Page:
Santa Ana Register
March 31, 1927
Officer Lauren E. Hurd, 26, youngest of the Orange County state traffic officers, died in the Santa Fe hospital, Los Angeles, at 8:25 a.m. on March 31, as the result of an operation when surgeons attempted to permanently correct a fractured arm, suffered in an accident 16 months ago.
Hurd was thought to have been on the road to recovery and relatives, who were with him during the operation, had returned to Santa Ana. At 5 a.m. his condition took a sudden turn for the worse and he died a little more than three hours later.
A sudden heart attack under the heavy strain of the anesthetic is believed to have been the cause of death.
His wife, Edith; mother, Mrs. Charles E. Hurd; and a cousin, Miss Dorothy Ridgewell; were at Hurd’s bedside when he died. They had rushed to the hospital from their homes when word came that Hurd was sinking rapidly.
His father, an employee in the Santa Ana Post Office, left here shortly after 8 a.m. but was not able to reach the hospital before his son’s death.
In addition to his widow, his mother and father, Hurd is survived by a sister, Miss Dorothy O. Hurd, a student in the California Conservatory of Music in Stockton.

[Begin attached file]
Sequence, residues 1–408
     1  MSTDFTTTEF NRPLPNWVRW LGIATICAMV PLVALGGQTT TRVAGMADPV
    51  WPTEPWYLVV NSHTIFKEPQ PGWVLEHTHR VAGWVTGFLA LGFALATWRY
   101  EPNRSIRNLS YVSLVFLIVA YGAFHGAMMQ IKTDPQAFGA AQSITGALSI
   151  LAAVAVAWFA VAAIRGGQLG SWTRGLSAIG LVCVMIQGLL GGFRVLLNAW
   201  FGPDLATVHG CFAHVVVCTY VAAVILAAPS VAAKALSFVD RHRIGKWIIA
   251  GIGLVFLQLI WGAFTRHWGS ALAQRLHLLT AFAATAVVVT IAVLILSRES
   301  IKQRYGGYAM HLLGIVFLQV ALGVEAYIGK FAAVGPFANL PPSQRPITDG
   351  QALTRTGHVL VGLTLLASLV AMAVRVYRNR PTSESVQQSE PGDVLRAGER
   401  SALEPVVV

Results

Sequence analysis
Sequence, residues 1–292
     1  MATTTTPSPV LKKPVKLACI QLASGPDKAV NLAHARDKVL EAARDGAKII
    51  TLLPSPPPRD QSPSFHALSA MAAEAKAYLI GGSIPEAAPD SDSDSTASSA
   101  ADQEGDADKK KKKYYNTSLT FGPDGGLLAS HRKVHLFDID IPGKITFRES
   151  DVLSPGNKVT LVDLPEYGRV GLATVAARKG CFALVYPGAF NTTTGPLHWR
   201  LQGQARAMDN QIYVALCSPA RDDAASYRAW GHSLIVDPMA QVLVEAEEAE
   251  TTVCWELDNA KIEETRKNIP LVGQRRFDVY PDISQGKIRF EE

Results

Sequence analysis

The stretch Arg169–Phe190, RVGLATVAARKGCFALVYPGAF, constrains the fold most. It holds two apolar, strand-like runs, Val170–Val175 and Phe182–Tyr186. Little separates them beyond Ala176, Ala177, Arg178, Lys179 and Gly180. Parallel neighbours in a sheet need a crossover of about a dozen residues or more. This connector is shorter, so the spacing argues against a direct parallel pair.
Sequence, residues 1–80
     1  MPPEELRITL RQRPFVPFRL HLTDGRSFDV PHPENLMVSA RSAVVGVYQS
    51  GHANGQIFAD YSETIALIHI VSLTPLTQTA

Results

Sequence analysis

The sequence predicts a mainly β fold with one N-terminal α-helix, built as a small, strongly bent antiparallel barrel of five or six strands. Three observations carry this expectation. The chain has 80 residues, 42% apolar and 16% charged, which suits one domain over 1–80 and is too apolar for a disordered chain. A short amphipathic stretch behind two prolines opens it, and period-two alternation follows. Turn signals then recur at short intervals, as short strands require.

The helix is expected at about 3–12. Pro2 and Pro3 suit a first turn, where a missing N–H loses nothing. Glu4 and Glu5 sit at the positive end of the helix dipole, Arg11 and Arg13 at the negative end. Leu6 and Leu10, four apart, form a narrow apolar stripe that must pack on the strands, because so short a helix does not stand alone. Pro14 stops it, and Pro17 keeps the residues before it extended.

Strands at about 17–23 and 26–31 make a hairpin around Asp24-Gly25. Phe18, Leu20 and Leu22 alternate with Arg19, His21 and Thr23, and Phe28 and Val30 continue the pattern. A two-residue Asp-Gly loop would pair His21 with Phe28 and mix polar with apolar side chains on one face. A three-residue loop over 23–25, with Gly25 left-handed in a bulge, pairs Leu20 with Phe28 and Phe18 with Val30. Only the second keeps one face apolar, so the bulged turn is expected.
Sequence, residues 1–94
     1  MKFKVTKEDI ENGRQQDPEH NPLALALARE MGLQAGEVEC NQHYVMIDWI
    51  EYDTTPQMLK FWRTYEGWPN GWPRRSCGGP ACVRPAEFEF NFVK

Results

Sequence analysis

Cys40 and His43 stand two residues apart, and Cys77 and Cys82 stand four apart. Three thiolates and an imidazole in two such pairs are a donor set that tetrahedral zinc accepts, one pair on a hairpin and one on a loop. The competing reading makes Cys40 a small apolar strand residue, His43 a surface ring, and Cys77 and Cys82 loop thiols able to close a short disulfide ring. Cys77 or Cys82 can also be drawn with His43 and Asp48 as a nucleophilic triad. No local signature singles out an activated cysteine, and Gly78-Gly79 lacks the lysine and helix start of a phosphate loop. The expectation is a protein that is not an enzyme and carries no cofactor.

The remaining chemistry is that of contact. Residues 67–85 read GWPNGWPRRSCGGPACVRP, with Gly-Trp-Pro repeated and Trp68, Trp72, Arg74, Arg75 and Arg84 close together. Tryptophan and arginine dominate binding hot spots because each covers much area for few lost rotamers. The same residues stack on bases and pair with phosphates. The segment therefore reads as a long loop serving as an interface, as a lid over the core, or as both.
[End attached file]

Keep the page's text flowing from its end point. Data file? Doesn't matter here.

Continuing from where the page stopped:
Lauren Hurd, known to his most intimate friends as “Pat,” was well known in Orange County. Popular with his fellow officers, he also made friends on the road, where he had worked for the past 13 months.
The indirect cause of Hurd’s death was a motorcycle accident on South Main Street, near Delhi on Nov. 9, 1925. His machine collided with an automobile, reported to have been suddenly driven out onto the highway from a cross street. Hurd suffered a fractured right arm just above the elbow. The injury was not considered serious at the time.
When the bone did not mend, surgeons performed an operation in November 1926. At this time the arm was rebroken and ligaments, which had grown over the ends of the bones, scraped away.
This operation was unsuccessful and several weeks ago it was decided to perform another operation, this time taking a piece of the shin bone from one leg and grafting it to the broken arm.
That was the operation performed Tuesday. It was a long, tedious task for the surgeons and the amount of anesthetic it became necessary to administer to Hurd proved too hard on the heart, it was said.
Hurd was a native of Massachusetts. He was born in North Adams and was educated in the schools of that city. Later he worked on the North Adams daily paper, coming to California with his wife and family in 1921.
Soon after his arriving here, he was employed in the editorial department of The Register, working there until June 1, 1923. On June 6 he was appointed to the Santa Ana police force, as a patrolman. He held this position until Sept. 9, 1924, when he resigned to become motorcycle officer in the City of Orange.
Hurd resigned from the Orange Police Department in September 1925 to accept a position as a state traffic officer where he had since been employed. In spite of his injured arm, he had been working for the state until the day prior to his going to Los Angeles for his final operation.